In order to address the problem of poverty and promote sustainable development, the United Nations Millennium Declaration was adopted in September 2000 at the largest ever gathering of heads of heads of States committing countries both rich and poor to do all they can to eradicate poverty, promote human dignity and equality and achieve peace, democracy and environmental stability. The goals include those dedicated to eradicating poverty, achieving universal primary education, promoting gender equality and empowering women, reducing child mortality, improving maternal health, combating HIV/AIDS, malaria and other diseases, ensuring environmental sustainability and developing a global partnership for development.
Recognising the pivotal role of Civil Society Organisations (CSOs) in mobilizing public pressure for the achievement of the Millennium Goals in Nigeria, Civil Society Action Coalition on Education for All (CSACEFA) and Civil Society Coalition on Poverty Eradication (CISCOPE) with the support of the Millennium Campaign and ActionAid Nigeria organized a civil society Consultative Forum on the Millennium Development Goals (MDGs) in Abuja, Nigeria on 20th April, 2004.
The Forum reviewed the MDGs and explored the opportunities for the Millennium Development Campaigns to eradicate poverty in Nigeria; shared the experiences of other countries that have conducted campaigns on the MDGs; reviewed the Nigerian context and progress made towards achieving MDGs in Nigeria and mapped out strategies for the campaigns in Nigeria. The Forum agreed that the Millennium Declaration is a very important milestone that addresses issues of human rights, peace, justice, gender equity and environmental sustainability and challenges skewed globalisation. It noted that it is the lack of political will that is the greatest stumbling block to the achievement of the Millennium goals. Meanwhile, Nigerian government is a signatory to the Millennium Declaration and has a responsibility to account to the people on how it is abiding by the pledge. Against the background that Nigeria is very far from achieving the MDGs, there is therefore the need for a concerted effort by all if Nigeria is not to miss out. It was agreed that MDGs provide additional entry point to engage government on development issues especially as the MDGs affect all segments of the society and CSOs serve as the link between government and the grassroots.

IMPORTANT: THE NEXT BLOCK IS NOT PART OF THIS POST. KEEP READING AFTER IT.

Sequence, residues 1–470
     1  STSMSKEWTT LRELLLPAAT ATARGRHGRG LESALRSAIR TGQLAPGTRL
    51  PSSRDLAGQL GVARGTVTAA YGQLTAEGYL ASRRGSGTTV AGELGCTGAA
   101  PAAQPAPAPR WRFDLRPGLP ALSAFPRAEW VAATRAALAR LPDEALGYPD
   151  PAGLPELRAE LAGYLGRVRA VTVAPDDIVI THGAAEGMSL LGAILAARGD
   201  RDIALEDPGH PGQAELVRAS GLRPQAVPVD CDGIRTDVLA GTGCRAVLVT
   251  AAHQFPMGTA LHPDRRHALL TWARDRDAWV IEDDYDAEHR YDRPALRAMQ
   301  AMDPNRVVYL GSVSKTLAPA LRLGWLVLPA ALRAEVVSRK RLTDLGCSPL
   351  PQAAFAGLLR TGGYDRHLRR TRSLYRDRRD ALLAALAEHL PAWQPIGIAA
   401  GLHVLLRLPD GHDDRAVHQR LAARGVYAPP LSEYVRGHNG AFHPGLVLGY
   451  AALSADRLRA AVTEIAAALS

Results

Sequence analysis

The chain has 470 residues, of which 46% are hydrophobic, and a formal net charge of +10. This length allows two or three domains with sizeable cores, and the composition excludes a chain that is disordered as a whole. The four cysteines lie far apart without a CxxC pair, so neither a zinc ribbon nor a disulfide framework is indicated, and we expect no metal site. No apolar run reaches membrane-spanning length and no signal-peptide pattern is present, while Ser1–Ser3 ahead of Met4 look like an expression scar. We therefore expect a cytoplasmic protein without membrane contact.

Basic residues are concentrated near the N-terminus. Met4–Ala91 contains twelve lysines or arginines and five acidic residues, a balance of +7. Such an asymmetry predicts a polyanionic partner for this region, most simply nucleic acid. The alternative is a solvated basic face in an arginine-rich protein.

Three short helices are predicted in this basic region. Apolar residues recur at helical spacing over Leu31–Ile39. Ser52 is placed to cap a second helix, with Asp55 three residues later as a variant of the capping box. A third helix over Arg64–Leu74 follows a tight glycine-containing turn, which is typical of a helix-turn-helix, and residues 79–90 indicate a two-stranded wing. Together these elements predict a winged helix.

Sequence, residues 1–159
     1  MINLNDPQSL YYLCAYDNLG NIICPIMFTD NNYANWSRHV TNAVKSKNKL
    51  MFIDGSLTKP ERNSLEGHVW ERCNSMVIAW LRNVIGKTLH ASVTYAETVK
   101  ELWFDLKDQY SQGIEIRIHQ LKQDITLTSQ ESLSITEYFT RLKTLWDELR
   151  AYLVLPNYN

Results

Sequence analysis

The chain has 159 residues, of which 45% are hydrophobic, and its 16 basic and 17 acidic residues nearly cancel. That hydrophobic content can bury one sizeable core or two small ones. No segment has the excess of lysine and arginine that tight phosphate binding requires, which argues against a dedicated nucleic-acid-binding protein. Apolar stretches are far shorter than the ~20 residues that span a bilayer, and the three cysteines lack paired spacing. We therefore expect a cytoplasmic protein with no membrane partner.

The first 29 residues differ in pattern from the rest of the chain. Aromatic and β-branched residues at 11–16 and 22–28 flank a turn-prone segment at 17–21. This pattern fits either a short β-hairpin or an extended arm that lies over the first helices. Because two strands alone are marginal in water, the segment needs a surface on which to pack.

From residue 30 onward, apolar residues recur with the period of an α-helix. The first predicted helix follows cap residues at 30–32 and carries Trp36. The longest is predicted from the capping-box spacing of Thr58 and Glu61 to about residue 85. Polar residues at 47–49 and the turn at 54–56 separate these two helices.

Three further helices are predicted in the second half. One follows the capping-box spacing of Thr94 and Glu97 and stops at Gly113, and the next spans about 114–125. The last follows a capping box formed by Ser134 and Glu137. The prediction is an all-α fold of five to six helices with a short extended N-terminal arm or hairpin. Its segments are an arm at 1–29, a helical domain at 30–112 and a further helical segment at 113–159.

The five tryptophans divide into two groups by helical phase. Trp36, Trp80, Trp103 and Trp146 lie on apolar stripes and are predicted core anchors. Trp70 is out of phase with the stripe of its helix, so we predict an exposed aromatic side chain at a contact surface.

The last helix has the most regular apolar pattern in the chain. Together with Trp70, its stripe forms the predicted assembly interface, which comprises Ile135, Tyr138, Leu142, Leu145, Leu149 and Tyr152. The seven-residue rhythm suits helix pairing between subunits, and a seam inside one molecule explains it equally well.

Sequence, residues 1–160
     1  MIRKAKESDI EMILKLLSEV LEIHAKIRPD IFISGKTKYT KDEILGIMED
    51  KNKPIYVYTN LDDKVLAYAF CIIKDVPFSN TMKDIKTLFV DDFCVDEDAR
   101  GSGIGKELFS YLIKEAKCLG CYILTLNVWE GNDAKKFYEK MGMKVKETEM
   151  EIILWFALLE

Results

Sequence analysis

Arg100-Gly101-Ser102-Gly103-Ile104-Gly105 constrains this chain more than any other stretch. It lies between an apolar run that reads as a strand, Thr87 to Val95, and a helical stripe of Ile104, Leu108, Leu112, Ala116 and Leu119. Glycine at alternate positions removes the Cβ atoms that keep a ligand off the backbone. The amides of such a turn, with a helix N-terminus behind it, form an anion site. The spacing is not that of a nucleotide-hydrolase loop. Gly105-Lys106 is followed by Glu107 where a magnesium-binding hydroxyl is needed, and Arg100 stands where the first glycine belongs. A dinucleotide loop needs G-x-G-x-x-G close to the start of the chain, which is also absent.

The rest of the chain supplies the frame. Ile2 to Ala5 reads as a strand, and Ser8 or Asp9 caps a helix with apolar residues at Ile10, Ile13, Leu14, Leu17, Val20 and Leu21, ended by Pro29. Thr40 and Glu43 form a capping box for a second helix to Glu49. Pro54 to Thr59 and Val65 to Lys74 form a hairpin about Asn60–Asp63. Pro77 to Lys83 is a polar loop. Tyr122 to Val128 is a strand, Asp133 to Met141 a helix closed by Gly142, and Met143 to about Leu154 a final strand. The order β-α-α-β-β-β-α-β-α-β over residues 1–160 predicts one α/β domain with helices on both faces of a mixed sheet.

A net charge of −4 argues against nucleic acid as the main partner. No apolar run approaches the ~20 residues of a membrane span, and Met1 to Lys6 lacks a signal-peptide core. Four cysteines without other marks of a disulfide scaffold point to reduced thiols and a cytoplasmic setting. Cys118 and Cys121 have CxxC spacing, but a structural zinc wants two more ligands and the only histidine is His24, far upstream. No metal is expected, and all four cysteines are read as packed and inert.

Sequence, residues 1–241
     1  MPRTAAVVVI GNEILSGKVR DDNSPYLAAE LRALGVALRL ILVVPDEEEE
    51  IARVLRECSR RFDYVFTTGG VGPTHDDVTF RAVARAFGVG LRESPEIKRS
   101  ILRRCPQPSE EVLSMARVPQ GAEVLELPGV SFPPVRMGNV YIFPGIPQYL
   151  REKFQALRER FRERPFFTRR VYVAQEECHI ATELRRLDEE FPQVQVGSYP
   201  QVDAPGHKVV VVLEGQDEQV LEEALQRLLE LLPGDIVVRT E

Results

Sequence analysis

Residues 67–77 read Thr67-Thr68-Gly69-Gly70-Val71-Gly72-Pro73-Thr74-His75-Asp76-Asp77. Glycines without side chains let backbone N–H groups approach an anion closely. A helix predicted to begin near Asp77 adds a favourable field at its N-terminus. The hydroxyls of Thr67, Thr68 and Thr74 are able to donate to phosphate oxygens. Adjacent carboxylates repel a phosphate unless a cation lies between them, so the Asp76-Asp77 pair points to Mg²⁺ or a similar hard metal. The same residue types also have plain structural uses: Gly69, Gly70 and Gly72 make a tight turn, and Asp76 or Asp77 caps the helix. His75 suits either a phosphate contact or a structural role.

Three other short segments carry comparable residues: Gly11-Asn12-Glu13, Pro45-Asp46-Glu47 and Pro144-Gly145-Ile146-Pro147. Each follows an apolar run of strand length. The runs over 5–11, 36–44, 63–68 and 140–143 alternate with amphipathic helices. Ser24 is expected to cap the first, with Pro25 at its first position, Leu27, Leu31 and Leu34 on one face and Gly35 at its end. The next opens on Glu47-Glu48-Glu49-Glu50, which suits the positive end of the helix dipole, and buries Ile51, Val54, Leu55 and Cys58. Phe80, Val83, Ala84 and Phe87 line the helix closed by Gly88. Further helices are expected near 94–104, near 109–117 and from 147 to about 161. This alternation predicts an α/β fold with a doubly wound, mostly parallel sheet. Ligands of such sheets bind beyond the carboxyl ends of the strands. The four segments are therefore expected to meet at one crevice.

A working group on MDG was therefore set up to be made up of organizations and coalitions working on development issues that impinge on the MDGs. The working group is meant to engage in campaign to build political will for the achievement of the Millennium goals and enable Nigerian people especially the poor and marginalised to take actions that will hold the government to account to the Millennium pledge.